Others think that the "Cost Plus 50" plan will spark debates within allied governments over whether they even want US troops on their soil. Both Germany and Japan, two of the three defeated WWII Axis powers, have long-resisted the presence of American troops on their soil. Other countries such as Poland, on the other hand, welcome US troops.
Germany currently pays around 28% of the costs of US forces on German soil - or around $1 billion per year. Under the "Cost Plus 50" plan, their payment would skyrocket - along with payments from Japan and South Korea.
"You start tipping over rocks and see what crawls out and you’ve got to be ready for it," said American Enterprise Institute defense policy expert MacKenzie Eaglen. "You’re going to see domestic political debates wrapped around these military bases once you reopen the discussion."
Trump has been musing about the idea that countries should pay the full cost, plus a premium, since taking office. His ambassador to the European Union, Gordon Sondland, said it’s all about making sure other countries have “skin in the game.”
“If you have countries which clearly can afford to do it and are not doing it because they think we’ll just step in and do it for them, the president has a problem with that,” he said in an interview.
Sondland declined to say which countries would be targeted and wouldn’t elaborate when asked specifically about the “Cost Plus 50” approach. -Bloomberg
The "Cost Plus 50" plan reportedly originated at the National Security Council - however officials have declined to confirm or deny the proposal.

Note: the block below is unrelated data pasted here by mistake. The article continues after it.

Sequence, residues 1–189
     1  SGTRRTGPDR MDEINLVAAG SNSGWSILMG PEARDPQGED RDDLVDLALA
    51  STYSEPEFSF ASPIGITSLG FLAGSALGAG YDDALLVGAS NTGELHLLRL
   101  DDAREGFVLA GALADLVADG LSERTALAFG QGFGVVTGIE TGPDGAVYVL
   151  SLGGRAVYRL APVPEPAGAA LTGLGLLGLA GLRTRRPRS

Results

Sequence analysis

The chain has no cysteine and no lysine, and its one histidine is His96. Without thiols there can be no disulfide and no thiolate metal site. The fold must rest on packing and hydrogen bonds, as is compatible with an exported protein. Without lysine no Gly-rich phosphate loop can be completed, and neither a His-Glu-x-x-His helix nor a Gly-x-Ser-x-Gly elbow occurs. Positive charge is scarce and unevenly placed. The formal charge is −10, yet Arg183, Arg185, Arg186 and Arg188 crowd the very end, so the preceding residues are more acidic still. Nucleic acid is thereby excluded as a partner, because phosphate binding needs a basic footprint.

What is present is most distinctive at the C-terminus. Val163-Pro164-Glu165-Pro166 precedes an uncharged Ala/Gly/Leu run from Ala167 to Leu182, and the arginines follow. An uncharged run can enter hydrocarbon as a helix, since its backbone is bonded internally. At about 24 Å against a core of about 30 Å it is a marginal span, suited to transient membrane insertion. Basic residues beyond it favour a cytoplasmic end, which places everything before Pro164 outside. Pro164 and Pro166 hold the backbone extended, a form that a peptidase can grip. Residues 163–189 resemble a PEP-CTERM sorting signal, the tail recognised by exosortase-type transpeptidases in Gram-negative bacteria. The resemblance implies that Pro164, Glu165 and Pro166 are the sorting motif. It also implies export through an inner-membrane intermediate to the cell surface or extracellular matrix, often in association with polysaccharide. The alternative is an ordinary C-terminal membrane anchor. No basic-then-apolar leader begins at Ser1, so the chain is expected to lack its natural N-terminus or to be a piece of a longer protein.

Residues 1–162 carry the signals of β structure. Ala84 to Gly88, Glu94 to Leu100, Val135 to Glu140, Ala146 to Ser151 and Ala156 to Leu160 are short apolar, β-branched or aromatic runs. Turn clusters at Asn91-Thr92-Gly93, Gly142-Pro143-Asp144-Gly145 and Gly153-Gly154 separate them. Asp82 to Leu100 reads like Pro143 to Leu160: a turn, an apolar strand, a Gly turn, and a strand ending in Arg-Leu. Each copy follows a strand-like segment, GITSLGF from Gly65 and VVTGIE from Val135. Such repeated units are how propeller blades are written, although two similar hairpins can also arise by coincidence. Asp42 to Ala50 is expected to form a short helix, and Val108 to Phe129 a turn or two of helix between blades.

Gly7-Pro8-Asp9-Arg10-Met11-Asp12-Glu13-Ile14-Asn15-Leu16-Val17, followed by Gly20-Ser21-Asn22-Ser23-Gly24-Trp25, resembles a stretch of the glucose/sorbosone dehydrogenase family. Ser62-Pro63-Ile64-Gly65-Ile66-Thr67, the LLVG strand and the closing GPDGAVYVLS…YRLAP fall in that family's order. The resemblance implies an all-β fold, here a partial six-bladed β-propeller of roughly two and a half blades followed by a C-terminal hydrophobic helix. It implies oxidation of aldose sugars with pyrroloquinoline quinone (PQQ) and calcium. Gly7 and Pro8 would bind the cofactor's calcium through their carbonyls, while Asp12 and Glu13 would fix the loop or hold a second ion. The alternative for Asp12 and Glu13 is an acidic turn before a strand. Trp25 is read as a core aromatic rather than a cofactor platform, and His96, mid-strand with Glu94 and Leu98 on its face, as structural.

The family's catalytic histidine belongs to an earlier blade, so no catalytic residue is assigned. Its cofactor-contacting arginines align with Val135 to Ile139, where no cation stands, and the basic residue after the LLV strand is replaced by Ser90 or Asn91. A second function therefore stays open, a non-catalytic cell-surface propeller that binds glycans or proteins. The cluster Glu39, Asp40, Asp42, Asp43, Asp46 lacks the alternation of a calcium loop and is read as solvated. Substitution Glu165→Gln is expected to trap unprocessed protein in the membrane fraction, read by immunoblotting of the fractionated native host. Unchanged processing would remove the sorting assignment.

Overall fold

"Getting allies to increase their investment in our collective defense and ensure fairer burden-sharing has been a long-standing U.S. goal," said NSC spokesman Garrett Marquis. "Getting allies to increase their investment in our collective defense and ensure fairer burden-sharing has been a long-standing U.S. goal."
Critics of the plan say it ignores the benefits the US enjoys from having US troops stationed abroad.
"Getting allies to increase their investment in our collective defense and ensure fairer burden-sharing has been a long-standing U.S. goal," said former US Ambassador to NATO, Douglas Lute. "The truth is they’re there and we maintain them because they’re in our interest."
In Germany, for instance, the U.S. relies on several crucial installations: the Landstuhl Regional Medical Center and the Ramstein Air Base. Landstuhl is a world-class medical facility that has provided emergency care to U.S. soldiers wounded in Iraq and other trouble spots.
Germany is also home to the headquarters of the U.S. Africa Command. Estimating how much Germany ought to pay for those bases, which serve so many other interests, would be complicated. -Bloomberg
"There are a lot of countries that would say you’ve got it absolutely wrong -- you think we’re going to pay for this?" said former deputy assistant secretary of defense, Jim Townsend, who added: "I hope cooler heads prevail."